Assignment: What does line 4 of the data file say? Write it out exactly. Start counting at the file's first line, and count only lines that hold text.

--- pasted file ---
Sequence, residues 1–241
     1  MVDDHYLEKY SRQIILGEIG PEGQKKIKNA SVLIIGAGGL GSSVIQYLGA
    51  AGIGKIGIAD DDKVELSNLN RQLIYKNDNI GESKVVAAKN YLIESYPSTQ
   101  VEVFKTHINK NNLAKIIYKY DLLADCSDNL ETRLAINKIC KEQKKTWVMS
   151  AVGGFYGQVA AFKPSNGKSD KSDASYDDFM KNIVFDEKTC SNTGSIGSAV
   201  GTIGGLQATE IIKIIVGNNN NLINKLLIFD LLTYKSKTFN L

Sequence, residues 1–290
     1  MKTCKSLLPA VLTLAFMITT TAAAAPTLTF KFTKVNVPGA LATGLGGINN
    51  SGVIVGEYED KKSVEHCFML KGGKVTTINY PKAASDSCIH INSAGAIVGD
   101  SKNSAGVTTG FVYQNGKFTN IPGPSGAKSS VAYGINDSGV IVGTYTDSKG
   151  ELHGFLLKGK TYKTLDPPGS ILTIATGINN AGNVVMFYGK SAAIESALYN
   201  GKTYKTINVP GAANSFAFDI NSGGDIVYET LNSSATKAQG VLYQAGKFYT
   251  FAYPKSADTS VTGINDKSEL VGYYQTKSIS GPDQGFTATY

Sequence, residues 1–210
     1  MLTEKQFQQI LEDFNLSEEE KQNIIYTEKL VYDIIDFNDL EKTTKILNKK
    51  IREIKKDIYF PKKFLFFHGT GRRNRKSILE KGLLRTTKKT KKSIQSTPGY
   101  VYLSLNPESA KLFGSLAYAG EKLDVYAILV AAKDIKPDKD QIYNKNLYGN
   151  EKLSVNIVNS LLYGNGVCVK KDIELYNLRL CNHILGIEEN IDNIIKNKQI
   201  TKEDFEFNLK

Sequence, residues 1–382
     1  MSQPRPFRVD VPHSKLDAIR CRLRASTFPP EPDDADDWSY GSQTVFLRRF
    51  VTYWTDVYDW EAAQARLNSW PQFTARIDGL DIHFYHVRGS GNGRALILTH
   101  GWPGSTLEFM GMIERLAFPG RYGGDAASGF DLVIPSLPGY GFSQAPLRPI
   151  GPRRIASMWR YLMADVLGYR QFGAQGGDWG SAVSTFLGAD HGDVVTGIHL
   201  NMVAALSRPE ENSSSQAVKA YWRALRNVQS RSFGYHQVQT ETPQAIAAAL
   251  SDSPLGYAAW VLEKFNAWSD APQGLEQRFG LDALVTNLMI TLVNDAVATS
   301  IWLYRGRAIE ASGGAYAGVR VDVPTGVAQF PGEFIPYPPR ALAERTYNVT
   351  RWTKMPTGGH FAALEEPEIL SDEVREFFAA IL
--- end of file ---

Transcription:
   101  VEVFKTHINK NNLAKIIYKY DLLADCSDNL ETRLAINKIC KEQKKTWVMS